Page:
Article: article from journal or magazin.
Doppler-guided regulation of a telemetrically operated adjustable pulmonary banding system
Journal of the American College of Cardiology
Journal Article --- Old month value: Sep 1
OBJECTIVES: We report on the Doppler-assessed regulation of an adjustable pulmonary artery band (PAB) in an animal model and in our first group of patients. BACKGROUND: Indications for pulmonary artery banding have expanded to include patients requiring a late arterial switch. A telemetry-operated, fully implantable, adjustable PAB system (FloWatch- PAB, Endoart SA, Lausanne, Switzerland) has been developed to facilitate these operations. METHODS: The device was implanted in 13 minipigs (age one to five months, weights 3.2 to 12.0 kg). The main study was performed on nine minipigs with adjustments of the PAB at implantation and at 1, 3, 5, 8, and 12 weeks after, assessed by Doppler pressure gradients. Explanation was performed 12 weeks after surgery. A long-term histology study (6 months and 14 months after surgery) was done on the other four minipigs. After approval by the ethics committee, the device was implanted in eight patients with weights between 2.8 and 9 kg to decrease pulmonary blood flow and pressure and to retrain the left ventricle before arterial switch. The device was progressively tightened, with increasing transband Doppler gradients. Follow-up was one to three months. RESULTS: An excellent correlation between transbanding systolic pressure gradient and degree of PAB constriction was encountered in the minipig study as well as in the human setting. No early or late deaths or reoperations occurred. Malfunction of the device was noted in three of 21 implanted devices. Two were related to surgically inflicted damage at implantation and one to an electronic problem that was fixed by resetting the control device. CONCLUSIONS: The device offers a Doppler-controllable adjustment of pulmonary blood flow. It permits controlled tightening and release of the band, which improves perioperative and postoperative courses and decreases surgical interventions to adjust tightness of the band. It allows a protracted occlusion protocol, which may provide the best effect on retraining the left ventricle.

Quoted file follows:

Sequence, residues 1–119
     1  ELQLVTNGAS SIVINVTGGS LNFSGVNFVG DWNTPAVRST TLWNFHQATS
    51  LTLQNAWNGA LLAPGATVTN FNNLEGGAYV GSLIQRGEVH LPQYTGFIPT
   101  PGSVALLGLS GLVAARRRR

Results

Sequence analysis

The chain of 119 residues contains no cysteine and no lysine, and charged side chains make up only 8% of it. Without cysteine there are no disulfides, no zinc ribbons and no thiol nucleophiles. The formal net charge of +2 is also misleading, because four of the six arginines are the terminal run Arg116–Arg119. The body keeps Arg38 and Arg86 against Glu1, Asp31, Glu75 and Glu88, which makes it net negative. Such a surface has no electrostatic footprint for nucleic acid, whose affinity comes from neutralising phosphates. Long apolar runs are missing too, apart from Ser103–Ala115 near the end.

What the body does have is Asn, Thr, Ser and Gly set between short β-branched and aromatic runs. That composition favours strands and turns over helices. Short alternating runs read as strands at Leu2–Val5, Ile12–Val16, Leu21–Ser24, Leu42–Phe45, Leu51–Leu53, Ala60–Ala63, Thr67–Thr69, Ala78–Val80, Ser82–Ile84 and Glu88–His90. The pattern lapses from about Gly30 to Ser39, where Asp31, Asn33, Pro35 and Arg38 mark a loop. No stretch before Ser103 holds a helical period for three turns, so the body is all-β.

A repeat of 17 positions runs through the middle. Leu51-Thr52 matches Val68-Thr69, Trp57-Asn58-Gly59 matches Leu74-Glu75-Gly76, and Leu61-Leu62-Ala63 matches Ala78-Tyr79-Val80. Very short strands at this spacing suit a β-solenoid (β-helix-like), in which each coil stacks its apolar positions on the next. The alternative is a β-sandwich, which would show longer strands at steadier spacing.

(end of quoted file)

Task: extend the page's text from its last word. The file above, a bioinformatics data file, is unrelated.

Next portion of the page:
Animals Constriction Echocardiography, Doppler Heart Defects, Congenital/*surgery Heart Septal Defects, Ventricular/surgery Humans Models, Animal *Prostheses and Implants Pulmonary Artery/*surgery Swine Swine, Miniature Telemetry/*methods
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